Joanna Newsom Brings A Bristol Crowd To Life

by Dom Ford

“Hey,” said Joanna sheepishly as she walked onto the stage. With no further words, her and her band of multi-instrumentalists began with the nostalgic and wistful opening to her debut 2004 album, The Milk-Eyed Mender.

“We sailed away on a Winter’s day

With fate and malleable clay

But ships are fallible, I say,

And the nautical, like all things, fades”.

Starting with such a throwback track for her set the precedent for a largely unpredictable set. There were, of course, plenty of tracks from the new album, but it didn’t feel like an advert for it. Tracks old and new were interspersed in perfect cadence.

Before Joanna, I managed to catch the end of the support act, Alasdair Roberts. With no accompaniment to his voice and guitar, Roberts seemed undaunted by the imposing size of the Colston Hall surrounding him. His Scottish folk – complete with songs about finding one’s clan and all – struck a chord with much of the audience. Although specific in subject matter, his lyrics somehow appealed to more universal longings.

“Sometimes you play the right chords, and sometimes you play the wrong chords,” began Joanna, “I have a lot of experience with that.” With her modest and somewhat few interactions with the audience, she hints at a greater story, but lets the music speak for itself. After the opening of her show which included a few beautifully-rendered tracks from the new album, Divers, she began Emily, the opening song from her landmark album Ys. “The meadow lark and the chim-choo-ree and the sparrow / Set to the sky in a flying spree”, the opening lines prompted an eruption of cheers and applause. I’ve never seen an audience so excited by the prospect of a twelve-minute song. Emily is, like much of Newsom’s discography, deeply personal. Although cryptic in lyrics, she insists it’s biographical, a touching story of her and her astrophysicist sister.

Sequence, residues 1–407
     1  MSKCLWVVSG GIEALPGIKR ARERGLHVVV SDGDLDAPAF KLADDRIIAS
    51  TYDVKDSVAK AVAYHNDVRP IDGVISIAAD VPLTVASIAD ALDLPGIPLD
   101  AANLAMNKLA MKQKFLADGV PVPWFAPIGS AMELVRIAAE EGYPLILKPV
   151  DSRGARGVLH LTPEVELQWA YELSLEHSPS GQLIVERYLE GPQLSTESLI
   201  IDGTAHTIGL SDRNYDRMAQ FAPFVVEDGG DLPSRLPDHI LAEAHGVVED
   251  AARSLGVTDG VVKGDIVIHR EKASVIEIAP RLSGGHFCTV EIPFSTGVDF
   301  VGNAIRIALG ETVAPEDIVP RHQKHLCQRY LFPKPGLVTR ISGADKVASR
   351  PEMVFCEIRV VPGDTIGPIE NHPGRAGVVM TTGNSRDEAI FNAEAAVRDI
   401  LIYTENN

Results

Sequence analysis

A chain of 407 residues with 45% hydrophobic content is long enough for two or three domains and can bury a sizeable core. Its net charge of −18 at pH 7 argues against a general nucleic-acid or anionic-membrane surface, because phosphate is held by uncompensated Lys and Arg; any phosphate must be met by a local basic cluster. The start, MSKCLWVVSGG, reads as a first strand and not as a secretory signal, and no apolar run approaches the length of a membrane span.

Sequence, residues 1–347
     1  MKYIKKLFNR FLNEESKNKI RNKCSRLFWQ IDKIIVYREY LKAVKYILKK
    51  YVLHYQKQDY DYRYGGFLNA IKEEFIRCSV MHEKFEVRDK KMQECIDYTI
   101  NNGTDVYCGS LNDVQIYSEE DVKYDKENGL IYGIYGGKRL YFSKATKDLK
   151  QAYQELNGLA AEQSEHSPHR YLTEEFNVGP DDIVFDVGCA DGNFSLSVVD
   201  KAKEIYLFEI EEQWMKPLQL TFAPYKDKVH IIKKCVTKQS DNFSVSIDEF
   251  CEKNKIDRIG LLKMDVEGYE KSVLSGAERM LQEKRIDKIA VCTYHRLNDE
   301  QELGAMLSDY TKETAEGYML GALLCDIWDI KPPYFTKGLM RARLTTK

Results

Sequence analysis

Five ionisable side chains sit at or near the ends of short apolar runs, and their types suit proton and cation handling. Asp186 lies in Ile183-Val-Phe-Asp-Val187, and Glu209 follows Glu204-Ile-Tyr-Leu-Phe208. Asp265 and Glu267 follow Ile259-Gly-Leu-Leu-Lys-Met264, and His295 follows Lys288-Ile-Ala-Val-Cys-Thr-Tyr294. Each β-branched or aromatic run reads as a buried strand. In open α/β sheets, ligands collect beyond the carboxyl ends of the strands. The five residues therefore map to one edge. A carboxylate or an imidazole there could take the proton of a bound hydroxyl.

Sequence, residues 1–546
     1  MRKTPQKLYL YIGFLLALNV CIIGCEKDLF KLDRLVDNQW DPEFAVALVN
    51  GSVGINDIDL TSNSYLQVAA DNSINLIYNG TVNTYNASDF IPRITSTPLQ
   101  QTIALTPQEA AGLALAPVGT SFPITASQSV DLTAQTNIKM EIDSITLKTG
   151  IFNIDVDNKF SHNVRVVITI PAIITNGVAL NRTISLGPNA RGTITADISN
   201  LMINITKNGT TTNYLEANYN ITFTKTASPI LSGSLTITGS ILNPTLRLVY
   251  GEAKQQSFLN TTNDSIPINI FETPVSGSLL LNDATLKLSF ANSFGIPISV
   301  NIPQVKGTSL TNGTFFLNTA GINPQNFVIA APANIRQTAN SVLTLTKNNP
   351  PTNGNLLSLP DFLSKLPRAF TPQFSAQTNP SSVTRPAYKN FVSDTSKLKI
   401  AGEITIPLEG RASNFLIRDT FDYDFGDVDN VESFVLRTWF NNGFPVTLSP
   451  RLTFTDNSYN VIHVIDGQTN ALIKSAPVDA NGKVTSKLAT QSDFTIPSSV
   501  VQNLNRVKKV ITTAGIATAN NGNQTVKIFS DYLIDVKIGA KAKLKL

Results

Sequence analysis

Jumping to and from each instrument on stage (drums, harp, piano, keyboard, violin, viola, electric guitar, banjo, amongst many others), her four accompanying multi-instrumentalists proved themselves extremely talented, hardly staying in the same place on the same instrument for more than one song. This is clearly a group where the music is free to dictate, unhindered by restricted musical ability. The result is a show where each element feels carefully chosen and handpicked for each song. Newsom herself stayed centre-stage, moving between only harp and grand piano, displaying great talent on both.

Closing the show to the final song of Divers – Time, As A Symptom – was met by a thunderous standing ovation that didn’t end until Newsom returned to the stage to play one song alone, and then the rest of her crew joined for one final, final song. Joanna Newsom live proved near-studio quality vocal and playing technique, yet modest and very likeable despite saying few words. If one of her shows ever comes near you, it is not to be missed.